RECORD crowds and prices have Yulgilbar Santa Gertrudis manager Rob Sinnamon on a high.
More than 500 people attended the annual bull sale earlier this month at Baryulgil.
Yulgilbar is the third oldest santa gertrudis station still operating in Australia.
Buyers flocked from south to Kempsey, west to Inverell and north to Clermont.
Top price of the day was Lot 2 - Yulgilbar Justice (poll), sired by Warenda Sahara and from a high performing daughter of Tara Monarch, who had as a heifer won junior champion female at the Sydney Royal.
The buyer was Echo Hills Pastoral Company, Beaudesert, with the top price of $28,000.
The top 10 bulls averaged an impressive $15,300, with the first 30 bulls averaging $10,166. Sixty-six classified bulls averaged $7113.
Seven herd bulls averaged $4428.
Five top quality stud santa gertrudis females topped at $8000 for an outstanding daughter of Hardigreen Park Nautilus in Lot 99 and averaged $6100.
Ten sangus bulls sold to a top of $7000 to average $4400.
There were 207 top quality sangus heifers that sold to a top of $2280 to average $1643 while 54 santa charolais heifers averaged $1410.
The day finished grossing $1.0155 million, creating a first for an eastern fall annual production sale in north- eastern NSW.
Sixty lots sold to repeat buyers as a major endorsement of the breeding program at Yulgilbar.
New buyers included TV Fairfax and Tim and Alison Kirkwood, from Disney at Clermont.
The Kirkwoods were the volume buyer, taking a total of seven bulls, while long-time valued buyer Green Mountain Pastoral Company returned to take home five bulls.
In the break-up, there was a $1700 price advantage for poll bulls over horn bulls.
Craig Ross, from Kemmis Creek at Nebo, again sought out homozygous poll bulls, taking home three top quality bulls for an average of $14,833.
Long-time valued supporters, the Aphelt family, took home four young sires to average $9000.
Stud buying support came from The Buetel family at Boonah, taking home a bull for $11,000, while Cyril and Denise Gauld purchased Lot 35, a Hardigreen Park Nautilus son, for $23,000.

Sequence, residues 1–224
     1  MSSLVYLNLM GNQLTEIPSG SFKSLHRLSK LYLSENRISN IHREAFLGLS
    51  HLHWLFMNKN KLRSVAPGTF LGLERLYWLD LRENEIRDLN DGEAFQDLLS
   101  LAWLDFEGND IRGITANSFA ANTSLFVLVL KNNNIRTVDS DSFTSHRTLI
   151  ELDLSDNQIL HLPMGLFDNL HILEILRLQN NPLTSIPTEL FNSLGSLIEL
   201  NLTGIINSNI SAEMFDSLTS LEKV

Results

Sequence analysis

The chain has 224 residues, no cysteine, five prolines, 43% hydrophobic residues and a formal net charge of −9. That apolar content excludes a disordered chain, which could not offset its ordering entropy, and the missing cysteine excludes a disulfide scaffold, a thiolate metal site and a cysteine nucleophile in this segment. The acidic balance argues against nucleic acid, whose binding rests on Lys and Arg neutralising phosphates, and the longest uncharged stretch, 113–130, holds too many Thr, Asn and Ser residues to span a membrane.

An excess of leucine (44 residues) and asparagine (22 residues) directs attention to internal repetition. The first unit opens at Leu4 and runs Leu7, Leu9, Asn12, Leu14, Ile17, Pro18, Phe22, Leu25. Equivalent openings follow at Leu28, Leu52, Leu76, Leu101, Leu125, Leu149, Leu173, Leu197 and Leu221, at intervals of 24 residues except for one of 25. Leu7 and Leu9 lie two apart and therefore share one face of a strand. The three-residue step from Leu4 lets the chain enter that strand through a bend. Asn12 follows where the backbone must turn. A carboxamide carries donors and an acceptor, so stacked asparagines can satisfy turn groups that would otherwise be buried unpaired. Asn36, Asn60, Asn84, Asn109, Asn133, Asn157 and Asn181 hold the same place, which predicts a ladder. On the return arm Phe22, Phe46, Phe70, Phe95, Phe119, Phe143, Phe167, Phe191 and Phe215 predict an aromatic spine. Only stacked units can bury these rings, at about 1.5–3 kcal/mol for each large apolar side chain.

Scott and Rebecca Dunlop, from Dunlop Cattle Company, paid $14,000 for a son of Dangarfield Valiant.
The $80,000 Warenda Sahara landmark sire continued to top sire averages with five sons averaging $10,500.
Hardigreen Park Nautilus progeny featured strongly, with 11 sons averaging $9227.
Speaking before the sale Mr Sinnamon told Rural Weekly it was a great time to be involved in the beef industry.
"In my 50 years of living and breathing santa gertrudis cattle and Australian agriculture, I have never been more confident and optimistic about our future as producers of a superior beef protein source. The beef stars have aligned."
He said worldwide demand for protein that had been coming for 10 years was finally here.
The American cow herd is at its lowest point in more than 30 years, Australian cattle numbers have taken a major hit due to drought and poor commodity prices, there's a low Australian dollar and global and local consumers are hungry for beef product.
"This all adds up to beef product demand we have not experienced before in Australia," Mr Sinnamon said.
It was exciting and profitable times as supply fell and demand rose for Australian beef, he said.
He said you could breed cattle on the coast and send them north, west or south and they would perform.
He explained Yulgilbar cattle were bred and grown out in tough and difficult environments.
"The North Coast country is pretty, benefits from natural water systems such as the Clarence River and is an attractive environment to live in. But it sure ain't easy," Mr Sinnamon said.
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